The SHSAT is a standardized test administered by the New York City Department of Education that is required for admission into Brooklyn Latin, Stuyvesant, Bronx Science, Brooklyn Tech, City College, Lehman College, Staten Island Tech, or York College. It is, in fact, the only sole criterion for admission.
Having one test be the only factor that determines whether you are accepted at the school of your choice is rough. However, more than 30,000–40,000 students apply for admission, and the Department of Education needs a way to pare down that number to roughly 5,500. A multiple-choice test given to all applicants is a very efficient way to make the cut because it subjects all applicants to the exact same standard and is very easy to grade.
Structure of the SHSAT
There are two sections on the test: English Language Arts and Math. The English Language Arts section has two question types: Reading and Revising/Editing. Though the Math section has only one question type, you can expect to see arithmetic, algebra, geometry, and other math topics on the test.
English Language Arts Section
The English Language Arts section is the first section on the test. It contains 57 questions and accounts for one-half of your total points on the SHSAT. The suggested time for the section is 90 minutes, or 1 hour and 30 minutes. All 57 questions will be multiple choice.
The breakdown of the English Language Arts section is as follows:
|English Language Arts Sub-Section||Sub-Section Breakdown||Total Number of Questions|
|Revising/Editing Stand-Alone Questions||3–5 questions||11 (combined with Revising/Editing Passages)|
|Revising/Editing Passages||1 passage with 6–8 questions||11 (combined with Revising/Editing Stand-Alone Questions)|
|Reading Comprehension||6 passages with 6–10 questions each||46 questions|
Scoring for the SHSAT is a little strange. It’s not that the scoring is difficult to understand; it’s just that individual scores matter only to the extent that they are above or below a cutoff line.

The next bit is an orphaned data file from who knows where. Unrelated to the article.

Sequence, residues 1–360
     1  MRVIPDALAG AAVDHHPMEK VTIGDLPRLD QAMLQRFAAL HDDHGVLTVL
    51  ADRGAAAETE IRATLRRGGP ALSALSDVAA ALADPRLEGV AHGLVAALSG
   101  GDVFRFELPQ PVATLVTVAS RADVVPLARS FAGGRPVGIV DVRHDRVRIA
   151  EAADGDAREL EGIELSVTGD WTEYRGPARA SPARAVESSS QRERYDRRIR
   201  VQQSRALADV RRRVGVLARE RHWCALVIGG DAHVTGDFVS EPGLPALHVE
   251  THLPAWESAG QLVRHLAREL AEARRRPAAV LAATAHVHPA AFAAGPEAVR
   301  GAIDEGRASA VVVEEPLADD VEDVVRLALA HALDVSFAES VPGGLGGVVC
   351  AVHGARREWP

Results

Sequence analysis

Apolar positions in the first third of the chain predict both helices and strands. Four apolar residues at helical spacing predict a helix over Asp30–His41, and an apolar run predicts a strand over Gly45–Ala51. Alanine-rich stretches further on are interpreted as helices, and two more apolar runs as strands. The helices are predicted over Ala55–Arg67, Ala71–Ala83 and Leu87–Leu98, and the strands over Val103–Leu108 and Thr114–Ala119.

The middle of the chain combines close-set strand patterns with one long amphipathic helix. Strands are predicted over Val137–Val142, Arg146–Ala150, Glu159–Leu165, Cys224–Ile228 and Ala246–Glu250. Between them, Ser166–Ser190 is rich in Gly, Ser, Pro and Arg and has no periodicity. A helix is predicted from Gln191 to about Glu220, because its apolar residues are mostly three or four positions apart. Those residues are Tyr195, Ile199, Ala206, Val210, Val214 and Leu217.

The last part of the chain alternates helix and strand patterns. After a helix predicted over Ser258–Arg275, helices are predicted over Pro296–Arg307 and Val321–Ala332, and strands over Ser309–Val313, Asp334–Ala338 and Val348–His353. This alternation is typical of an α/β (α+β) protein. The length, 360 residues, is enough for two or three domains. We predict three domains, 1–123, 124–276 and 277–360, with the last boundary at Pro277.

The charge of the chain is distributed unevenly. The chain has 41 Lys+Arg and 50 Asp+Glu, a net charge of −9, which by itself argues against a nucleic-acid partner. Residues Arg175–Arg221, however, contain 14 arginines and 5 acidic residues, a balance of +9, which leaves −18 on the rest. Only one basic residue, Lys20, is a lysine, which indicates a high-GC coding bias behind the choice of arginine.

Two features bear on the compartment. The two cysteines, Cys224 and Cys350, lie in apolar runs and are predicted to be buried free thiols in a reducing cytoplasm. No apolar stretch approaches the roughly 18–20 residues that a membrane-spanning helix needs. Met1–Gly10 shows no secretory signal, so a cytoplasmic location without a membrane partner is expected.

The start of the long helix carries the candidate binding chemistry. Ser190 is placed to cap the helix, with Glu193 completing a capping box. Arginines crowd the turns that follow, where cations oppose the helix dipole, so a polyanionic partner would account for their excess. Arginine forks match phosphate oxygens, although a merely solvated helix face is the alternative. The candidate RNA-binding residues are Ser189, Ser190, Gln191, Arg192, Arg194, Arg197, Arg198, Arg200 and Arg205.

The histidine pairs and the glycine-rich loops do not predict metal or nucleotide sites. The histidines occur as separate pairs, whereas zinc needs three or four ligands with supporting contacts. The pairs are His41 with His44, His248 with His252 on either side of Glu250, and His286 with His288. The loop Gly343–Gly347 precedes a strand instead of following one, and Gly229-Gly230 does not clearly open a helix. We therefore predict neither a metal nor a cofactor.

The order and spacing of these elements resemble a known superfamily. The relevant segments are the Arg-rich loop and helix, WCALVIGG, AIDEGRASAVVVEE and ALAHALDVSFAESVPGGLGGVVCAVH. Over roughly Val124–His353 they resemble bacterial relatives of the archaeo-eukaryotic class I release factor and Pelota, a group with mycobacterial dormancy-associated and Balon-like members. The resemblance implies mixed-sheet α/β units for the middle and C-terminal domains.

Here’s how the scoring works. First, you get a Raw Score based on the number of questions you answer correctly. The test contains 114 questions. 94 of the questions are worth 1 “raw” point, and 20 are experimental questions that aren’t scored. The maximum Raw Score is therefore 94.
Next, your Raw Score is multiplied by a formula known only to the Department of Education to arrive at a scaled score. You receive a scaled score for each section and a Composite Score for the entire test. The highest possible Composite Score is 800.
Admission to all specialized high schools (except LaGuardia) is based solely on your Composite Score. The way this works is that all of the students are ranked from high score to low score and then assigned to the school of their first preference until all the available seats are filled. For example, if Stuyvesant had exactly 500 spaces available and the top 500 scorers all picked Stuyvesant as their first choice, all 500 scorers would be admitted. If the 501st scorer listed Stuyvesant as her first choice and Bronx Science as her second choice, she would be assigned to Bronx Science. In other words, if 500 students were admitted to Stuyvesant and the 500th highest score was 560, then 560 would be the “cutoff” score for Stuyvesant. Therefore, scores are relative; it matters only whether they are above the cutoff, but there is no way of accurately knowing what the cutoff score will be. All you know is that it will likely be a little higher than last year’s cutoff because the test becomes increasingly competitive every year.
When the test begins and you open to the first page, here’s what you’ll see:
PART 1 — English Language Arts
Time — 90 Minutes
The most important thing to remember about SHSAT timing suggestions is that they are just that—suggestions!
Here’s the way it works. You’ll have 180 minutes to complete the entire test. It is recommended that you spend approximately half the time (90 minutes or 1 hour and 30 minutes) on each section. However, if you finish the English Language Arts section early, you can move on to the Math section without waiting for the 90 minutes to end. Similarly, if you finish the Math section with time to spare, you can go back over both the Math and English Language Arts sections of the test.
What this means is that you have both the freedom to structure your time and the responsibility to use your time wisely. While you can spend more than 90 minutes working on the first section, it may not be wise to do so. However, the flexibility you have in skipping around and going back to one section after finishing the other gives you ample opportunity to play to your strengths.
You are responsible for setting your own pace on the test. This is a big responsibility that you should take very seriously. Here are some rough guidelines to follow.
|English Language Arts||Revising/Editing (11 questions)||1-1.5 minutes per question|
|English Language Arts||Reading (6 passages, 46 questions)||2-3 minutes reading each passage, 1-1.5 minutes per question|
|Math||57 questions: 5 grid-in, 52 multiple-choice||1-1.5 minutes per question|
Remember that these guidelines are estimates. You will spend more time on some questions and less time on others. However, you must be aware of time if you want to maximize your score. If you’re casual about it, you could find yourself unexpectedly running out of time.
The test is administered during a weekend in late October for eighth graders and during a weekend in late October or early November for ninth graders. Log on to schools.nyc.gov for updated information.